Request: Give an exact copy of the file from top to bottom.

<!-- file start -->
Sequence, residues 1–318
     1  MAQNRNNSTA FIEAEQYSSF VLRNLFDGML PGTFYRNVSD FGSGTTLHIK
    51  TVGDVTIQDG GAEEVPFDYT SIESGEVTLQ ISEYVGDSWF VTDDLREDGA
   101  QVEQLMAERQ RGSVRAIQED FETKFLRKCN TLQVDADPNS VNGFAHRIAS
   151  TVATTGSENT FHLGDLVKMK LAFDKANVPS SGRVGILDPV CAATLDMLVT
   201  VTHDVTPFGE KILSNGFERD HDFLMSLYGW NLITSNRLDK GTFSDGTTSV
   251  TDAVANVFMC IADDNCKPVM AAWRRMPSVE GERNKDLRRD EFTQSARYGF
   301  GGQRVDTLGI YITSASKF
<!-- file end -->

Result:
Sequence, residues 1–318
     1  MAQNRNNSTA FIEAEQYSSF VLRNLFDGML PGTFYRNVSD FGSGTTLHIK
    51  TVGDVTIQDG GAEEVPFDYT SIESGEVTLQ ISEYVGDSWF VTDDLREDGA
   101  QVEQLMAERQ RGSVRAIQED FETKFLRKCN TLQVDADPNS VNGFAHRIAS
   151  TVATTGSENT FHLGDLVKMK LAFDKANVPS SGRVGILDPV CAATLDMLVT
   201  VTHDVTPFGE KILSNGFERD HDFLMSLYGW NLITSNRLDK GTFSDGTTSV
   251  TDAVANVFMC IADDNCKPVM AAWRRMPSVE GERNKDLRRD EFTQSARYGF
   301  GGQRVDTLGI YITSASKF